Brussels does not trust Lukashenka anymore. It is clear that the “dialogue 2008-2010” and its sudden interruption cost a lot to European politicians. The European Union does not want to hold direct negotiations with Lukashenka. Back on 26 August 2011 Bulgaria’s Minister for Foreign Affairs Nikolay Mladenov arrived in Minsk with a mission to talk to Lukashenka. Lukashenka promised he would release all political prisoners soon but failed to keep his promise.
Brussels is tired of “spinning Minsk round”. The European decision-makers built their Belarus policy on the basis of a search for dialogue and compromises which could lead to at least minor political changes. Today Brussels is tired of looking for common points and the new approach is “if Lukashenka wants it, we want it too”.
This is why Lukashenka decided to establish relations with the Apostolic Capital himself. Today, the Catholic Church is a perfect intermediary for Lukashenka. Belarusian analysts think that positive sides of the Apostolic Capital as an intermediary are great experience in negotiations and non-essential political ambitions. However, there’s one more aspect, which no one mentions for some reason – the Catholic Church in Belarus is Lukashenka’s hostage.
Apostolic Nuncio Claudio Gugerotti probably knows that Lukashenka will not go for reforms, but the Catholic Church sees its own advantages. First, the Catholic Church as an organisation based on morality wants to facilitate release of political prisoners. Second, although release of several political prisoners is not a great achievement, it will positively affect the reputation of the Holy See. Third, Lukashenka will pay back by letting the Belarusian Catholic Church develop freely.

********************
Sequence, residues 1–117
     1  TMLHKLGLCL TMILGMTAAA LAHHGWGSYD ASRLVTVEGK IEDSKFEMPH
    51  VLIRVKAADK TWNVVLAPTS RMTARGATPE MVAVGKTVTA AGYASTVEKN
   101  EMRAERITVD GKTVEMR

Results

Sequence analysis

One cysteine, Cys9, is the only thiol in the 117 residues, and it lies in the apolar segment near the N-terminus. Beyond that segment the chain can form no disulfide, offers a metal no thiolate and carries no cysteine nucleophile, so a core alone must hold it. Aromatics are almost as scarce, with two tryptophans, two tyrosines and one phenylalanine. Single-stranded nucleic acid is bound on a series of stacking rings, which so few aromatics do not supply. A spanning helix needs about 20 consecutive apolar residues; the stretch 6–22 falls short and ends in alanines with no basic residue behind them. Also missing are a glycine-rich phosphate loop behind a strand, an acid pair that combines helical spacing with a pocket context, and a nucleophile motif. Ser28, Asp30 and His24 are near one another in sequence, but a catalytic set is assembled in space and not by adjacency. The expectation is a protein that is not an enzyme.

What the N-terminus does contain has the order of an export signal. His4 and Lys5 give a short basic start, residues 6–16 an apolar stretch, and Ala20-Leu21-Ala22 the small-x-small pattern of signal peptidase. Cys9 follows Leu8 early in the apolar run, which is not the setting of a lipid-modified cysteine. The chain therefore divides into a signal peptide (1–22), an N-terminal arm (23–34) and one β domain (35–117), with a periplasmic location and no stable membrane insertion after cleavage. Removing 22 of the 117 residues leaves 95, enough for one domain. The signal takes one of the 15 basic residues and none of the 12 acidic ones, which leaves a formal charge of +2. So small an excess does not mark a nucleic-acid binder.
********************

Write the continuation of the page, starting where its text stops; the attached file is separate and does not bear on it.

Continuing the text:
Release of Several Political Prisoners Will Happen in the Near Future
It is worth mentioning that Belarus has its own very simple political cycle. If Russia is ready to supply energy resources at low prices to Belarus, Lukashenka will destroy the opposition by any means. If Russia demands that Belarus should pay more for oil and gas, Lukashenka starts slow liberalisation and the Belarusian prisoners of conscience come out of prisons.
Relations between Lukashenka and Putin are getting worse again. The Russian authorities demand that Lukashenka respects his own commitments. In the first place, this concerns privatisation and no more sales of oil products disguised as solvents. Belarus is not obliged to return taxes to the Russian budget when it sells oil products this way.
In such conditions, Belarusian authorities will seek support in the West. Belarus’ foreign minister Uladzimir Makey even had a short meeting with the U.S. Secretary of State Hillary Clinton last week in the United States. Naturally, the former head of the presidential administration had some serious business to discuss with Clinton.
Therefore, the time for Lukashenka to release political prisoners has come. The Belarusian authorities will not do it massively in order not to lose face. However, several political are likely to leave their prison cells soon.